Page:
The new battlefield
All-Stars speaker: Competition is everywhere
Boundaries no longer exist for Kayla Chee.
The Window Rock High School wrestler spent the last three years of high school blurring boundaries for female wrestlers everywhere.
Chee, along with dozens of high school area athletes, was recognized for many achievements at the 2018 Navajo Times Winter All-Star awards ceremony held at the Phil Thomas Performing Arts Center in Shiprock.
Chee said she was elated to be recognized for something she worked hard to realize.
“It was actually really surprising, and I was excited because as a female wrestler it’s kind of hard to wrestle with the boys,” she said. “Its tough to be in wrestling as a girl, but girls can do anything the boys can.”
Chee was named Female Wrestler of the Year along with Aztec’s Isabella Wells, Miyamura’s Yele Aycock, Miyamura’s Nancy Rodriquez, and Tuba City’s Karis Begaye. It was the first year the Navajo Times honored female wrestlers of the year.
The annual awards ceremony began with the traditional photo sessions for all-stars and coaches of the year in each category.
Following the photo session was recognition of girls’ basketball all-stars.
Six players were named Players of the Year in girl’s basketball. They were Tohatchi’s Kalian Mitchell, Bloomfield’s Brandi Alcantar, Kirtland Central’s Haile Gleason, St. Michael’s Jalynn Smith, Valley Christian’s Anna Gorman, and Flagstaff’s Monique Ware.
Gleason was a five-year varsity starter for the Broncos, District 1-5A MVP this season, as well as New Mexico First-Team All-State.
She led the Broncos to the semifinals of the state tournament where they ended their season.
Gleason said she thought she had a chance of earning girls basketball player of the year because the team had made it deep into the playoffs, and she played well in the postseason.
“I was really happy that I got to be honored and recognized. There’s a lot of great players out there,” she said. “I think that I made plays in games and I made things happen. I got my teammates open, and I gave up the ball. If I had a good shot and I saw one of my teammates had a better one, I’d give it up. It was a pretty good year.”
Recognizing and taking advantage of opportunities, along with putting in the effort into one’s craft, was the theme for this year’s guest speech.
Lamoni Poweshiek Yazzie, who is Navajo, Comanche, and Sac and Fox, was the keynote speaker for the event.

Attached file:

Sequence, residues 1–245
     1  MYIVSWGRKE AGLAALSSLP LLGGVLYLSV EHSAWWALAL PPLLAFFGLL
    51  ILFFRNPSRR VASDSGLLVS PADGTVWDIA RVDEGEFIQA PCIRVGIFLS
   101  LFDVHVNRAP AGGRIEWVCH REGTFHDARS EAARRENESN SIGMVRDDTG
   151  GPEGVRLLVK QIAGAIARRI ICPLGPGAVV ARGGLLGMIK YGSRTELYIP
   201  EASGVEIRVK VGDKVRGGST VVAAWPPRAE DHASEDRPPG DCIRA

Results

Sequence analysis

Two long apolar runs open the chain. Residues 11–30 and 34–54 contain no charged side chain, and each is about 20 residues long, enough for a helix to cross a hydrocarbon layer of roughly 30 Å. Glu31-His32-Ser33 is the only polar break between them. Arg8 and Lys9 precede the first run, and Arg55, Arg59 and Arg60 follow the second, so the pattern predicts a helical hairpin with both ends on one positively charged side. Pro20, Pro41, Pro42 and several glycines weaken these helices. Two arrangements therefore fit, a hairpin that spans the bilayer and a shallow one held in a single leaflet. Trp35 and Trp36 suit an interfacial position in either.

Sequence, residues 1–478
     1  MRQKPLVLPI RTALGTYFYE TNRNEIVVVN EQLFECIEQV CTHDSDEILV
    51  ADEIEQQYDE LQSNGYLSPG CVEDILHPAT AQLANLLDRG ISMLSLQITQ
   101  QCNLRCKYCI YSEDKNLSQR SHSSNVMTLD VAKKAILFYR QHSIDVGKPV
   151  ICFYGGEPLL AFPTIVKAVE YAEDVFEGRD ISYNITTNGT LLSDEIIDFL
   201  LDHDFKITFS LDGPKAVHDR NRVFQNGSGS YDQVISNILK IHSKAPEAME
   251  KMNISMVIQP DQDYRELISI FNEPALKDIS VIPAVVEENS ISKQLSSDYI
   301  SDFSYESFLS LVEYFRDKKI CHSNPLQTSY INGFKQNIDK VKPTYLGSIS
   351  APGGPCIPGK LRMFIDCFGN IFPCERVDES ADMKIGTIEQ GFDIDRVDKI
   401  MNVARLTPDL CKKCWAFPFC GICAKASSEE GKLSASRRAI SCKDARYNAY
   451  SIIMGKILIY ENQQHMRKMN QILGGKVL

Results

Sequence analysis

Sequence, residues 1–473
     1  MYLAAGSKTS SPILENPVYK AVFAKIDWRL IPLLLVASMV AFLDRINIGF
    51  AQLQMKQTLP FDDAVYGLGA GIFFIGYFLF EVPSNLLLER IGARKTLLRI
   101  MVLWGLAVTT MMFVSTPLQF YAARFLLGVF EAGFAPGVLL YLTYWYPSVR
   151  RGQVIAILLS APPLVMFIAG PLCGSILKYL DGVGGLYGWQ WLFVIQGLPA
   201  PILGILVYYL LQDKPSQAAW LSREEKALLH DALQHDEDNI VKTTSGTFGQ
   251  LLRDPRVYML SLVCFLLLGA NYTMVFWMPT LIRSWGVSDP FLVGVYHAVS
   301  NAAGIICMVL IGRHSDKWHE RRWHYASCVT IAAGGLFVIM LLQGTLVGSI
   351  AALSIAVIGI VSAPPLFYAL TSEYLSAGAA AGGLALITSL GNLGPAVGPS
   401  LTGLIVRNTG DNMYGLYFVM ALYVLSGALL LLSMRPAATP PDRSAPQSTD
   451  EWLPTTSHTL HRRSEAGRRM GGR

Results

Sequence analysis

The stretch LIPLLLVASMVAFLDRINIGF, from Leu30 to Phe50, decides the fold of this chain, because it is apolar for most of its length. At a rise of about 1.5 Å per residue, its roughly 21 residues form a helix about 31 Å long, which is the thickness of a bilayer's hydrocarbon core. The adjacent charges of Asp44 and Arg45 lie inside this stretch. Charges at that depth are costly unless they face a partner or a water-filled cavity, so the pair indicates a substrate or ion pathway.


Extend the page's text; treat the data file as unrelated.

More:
Yazzie was a graduate of Greyhills Academy High School and was recruited to play Division I basketball for the United States Air Force Academy. As a senior for the Falcons, Yazzie was the first Division I Native American team captain and the team’s most valuable player.
Yazzie shared stories of adolescence and his time in the Air Force looking to make a name for himself.
He said he had to put in extra work for everything he earned, and encouraged the audience to do the same, especially the student-athletes being recognized.
“I want to challenge everybody to continue to seek that knowledge, continually push yourself for excellence, reinvent yourself. If you’re stagnant and you think what you do now is going to be good for tomorrow, nine times out 10 you’re going to be wrong, because somebody out there is working harder than you, somebody out there is doing 10 times more than you are doing, somebody out there is putting way more hours than you are,” he said. “You might not meet him today, but you will meet them, and when you do, the question you have to ask yourself is, ‘Are you ready, are you ready for that challenge?’”
Yazzie said there were times where he faced self-doubt as he wasn’t as tall as many of his teammates, or even as fast as them, but he refused to accept it and put in the work to set himself apart.
“It doesn’t matter where you go, if you’re a good and excellent human being, and you’re striving for excellence day in and day out, you’ll accomplish those dreams, you’ll accomplish those goals, you’ll get to your ultimate goal,” he said.